Few duties remain from my days as a working sports writer, but one of them I especially cherish. It showed up again in my mailbox the other day in the form of my annual ballot for the National Baseball Hall of Fame.
I get to vote because of my 10-plus active years in the Baseball Writers’ Association of America, the estimable organization that oversees the election of players who recently have retired from the game. Even though I’m retired I’m still a “lifetime honorary” member with hall-elector status, one of about 575 people so designated.
When I was working I was pestered constantly to vote on all sorts of jock awards. I pitched most such pleas on the ground that those guys already were too-much fussed over. I place the Hall ballot in an entirely different category. Baseball is the sport whose roots go deepest into America’s soil, and the game’s depository of relics in charming Cooperstown, N.Y., uniquely conjures up its glories. It’s said that you visit the Hall to discover baseball’s past and wind up discovering your own. I’ve been there as boy and man and can vouch for the truth of that.
The most interesting thing about the Hall’s election process is how few statutory requirements govern it. To be eligible for the ballot someone must have played at least 10 Major League seasons, be retired five years and be nominated by at least two members of a six-member BWAA screening committee. Period. That means every voter must define greatness in his own way. It’s a challenging task. Kind of daunting, too.
In practice, some statistical accomplishments virtually assure a player’s election, such as 300 career wins for a pitcher or 3,000 hits for a position player, but times change and so do such standards. For instance, 500 home runs used to be a sure ticket to Cooperstown, but the game’s steroids era (roughly 1990 to 2005) ended that. The Bluto-like Mark McGwire showed up on the ballot last year with 583 homers to his credit but was mentioned by just 23% of the voters (and not by me), far short of the 75% required for election. His chemical odor makes him a long shot ever to get in. The same fate may await another accomplished juicer, Rafael Palmeiro (3,020 hits, 569 home runs), when his Hall eligibility begins in 2010. Pending future developments, Barry Bonds may have a tough time, too.
Ten new names are on this year’s ballot: Jay Bell, David Cone, Ron Gant, Mark Grace, Rickey Henderson, Jesse Orosco, Dan Plesac, Greg Vaughn, Mo Vaughn and Matt Williams. Henderson, the all-time stolen bases leader and smacker of 3,055 career hits, should be a first-ballot shoo in. I look forward to his installation speech and hope that in it he’ll refer to himself in the third person, as he often did in interviews. Of the rest, Cone, Grace and Mo Vaughn have the best chance of getting the 5% mentions needed to remain on the ballot for another year. The rest, I’m afraid, are history in another sense.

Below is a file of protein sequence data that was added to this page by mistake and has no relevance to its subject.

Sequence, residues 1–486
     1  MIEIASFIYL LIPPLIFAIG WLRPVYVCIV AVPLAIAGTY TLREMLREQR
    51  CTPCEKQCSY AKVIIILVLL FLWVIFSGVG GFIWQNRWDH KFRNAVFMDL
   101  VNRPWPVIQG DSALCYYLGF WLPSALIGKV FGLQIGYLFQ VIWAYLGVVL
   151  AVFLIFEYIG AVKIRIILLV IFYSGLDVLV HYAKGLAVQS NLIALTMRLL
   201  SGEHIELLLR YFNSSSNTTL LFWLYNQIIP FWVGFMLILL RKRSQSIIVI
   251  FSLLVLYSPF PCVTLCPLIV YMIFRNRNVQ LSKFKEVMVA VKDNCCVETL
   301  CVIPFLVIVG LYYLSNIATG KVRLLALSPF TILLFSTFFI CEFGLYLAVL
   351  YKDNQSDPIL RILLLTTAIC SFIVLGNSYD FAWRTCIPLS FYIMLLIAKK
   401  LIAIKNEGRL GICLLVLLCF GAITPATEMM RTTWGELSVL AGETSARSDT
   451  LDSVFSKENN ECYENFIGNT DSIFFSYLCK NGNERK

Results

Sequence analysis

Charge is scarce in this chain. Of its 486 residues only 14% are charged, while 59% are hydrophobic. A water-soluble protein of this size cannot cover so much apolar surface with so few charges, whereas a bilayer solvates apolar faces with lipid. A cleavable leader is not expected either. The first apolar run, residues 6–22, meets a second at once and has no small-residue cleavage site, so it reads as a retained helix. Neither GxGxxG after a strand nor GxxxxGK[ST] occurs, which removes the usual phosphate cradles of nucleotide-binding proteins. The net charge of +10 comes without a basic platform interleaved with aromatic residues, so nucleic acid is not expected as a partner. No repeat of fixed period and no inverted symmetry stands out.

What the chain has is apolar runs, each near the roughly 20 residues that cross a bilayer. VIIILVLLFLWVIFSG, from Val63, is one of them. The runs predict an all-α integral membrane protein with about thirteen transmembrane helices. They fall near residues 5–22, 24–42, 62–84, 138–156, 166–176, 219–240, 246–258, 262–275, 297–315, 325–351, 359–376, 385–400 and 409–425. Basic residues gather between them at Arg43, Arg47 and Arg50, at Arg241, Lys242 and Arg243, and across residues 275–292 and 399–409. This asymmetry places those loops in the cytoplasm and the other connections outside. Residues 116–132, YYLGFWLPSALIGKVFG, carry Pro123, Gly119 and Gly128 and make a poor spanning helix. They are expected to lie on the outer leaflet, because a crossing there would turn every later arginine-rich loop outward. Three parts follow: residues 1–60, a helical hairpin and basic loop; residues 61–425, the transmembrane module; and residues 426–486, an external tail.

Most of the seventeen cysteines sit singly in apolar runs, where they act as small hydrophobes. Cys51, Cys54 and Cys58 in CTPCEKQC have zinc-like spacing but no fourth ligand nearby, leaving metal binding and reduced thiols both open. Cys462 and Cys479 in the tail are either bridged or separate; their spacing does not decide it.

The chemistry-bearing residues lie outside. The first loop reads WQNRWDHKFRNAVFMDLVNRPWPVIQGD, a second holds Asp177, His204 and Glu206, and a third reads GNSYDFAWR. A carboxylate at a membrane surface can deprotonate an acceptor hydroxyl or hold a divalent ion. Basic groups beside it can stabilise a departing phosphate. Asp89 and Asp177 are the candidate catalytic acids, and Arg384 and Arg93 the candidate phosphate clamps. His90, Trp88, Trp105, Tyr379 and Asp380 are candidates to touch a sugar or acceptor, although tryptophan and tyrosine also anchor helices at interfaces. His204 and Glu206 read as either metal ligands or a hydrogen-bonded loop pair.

Electors can put from none to 10 names on their ballots, from the total list of 23. Besides Henderson, I’ll be naming Jack Morris, Andre Dawson, Alan Trammell and Bert Blyleven.
I’ve enthusiastically voted for Morris since he became eligible 10 years ago and can’t understand why many other of my colleagues haven’t (he got just 43% mention last year). Besides a win-heavy 254-186 career record he was one of the best big-game pitchers I’ve seen, the biggest being his 10-inning, 1-0 win for Minnesota over Atlanta in the seventh game of the epic, 1991 World Series.
Dawson was a powerful batsman (he’s 23rd in all-time extra-base hits, 25th in total bases, 30th in RBIs), a heck of an outfielder and had a great nickname (“The Hawk”). I’m partial to shortstops, who generally are the best athletes on a baseball field, and Trammell was one of the best of the best during his 20 seasons in Detroit. He was World Series MVP for the 1984 Tigers, one of the game’s greatest teams.
I’ve wrestled with myself over Blyleven’s qualifications, sometimes including him, sometimes not. He was a good pitcher for a long time (22 seasons), and won 287 games, but never quite reached the sport’s pinnacle. However, I’ve finally concluded that his fifth-place in all-time strikeouts (with 3,701) is an achievement worth honoring.
Among those I’m leaving off is Jim Rice. In his 15th and final year on the writers’ ballot ( a veteran-players’ committee considers candidates 20-plus years out), he fell just short of election last year at 72.2%, and might have been in before if he hadn’t made a habit of stiffing writers after games (yes, some count that), but by me he doesn’t quite measure up overall. Ditto for such other present-ballot notables as McGwire, Lee Smith, Dave Parker, Tommy John, Harold Baines, Dale Murphy, Don Mattingly and Tim Raines.
Think I’m wrong? Let me know. I have a couple more weeks to change my mind.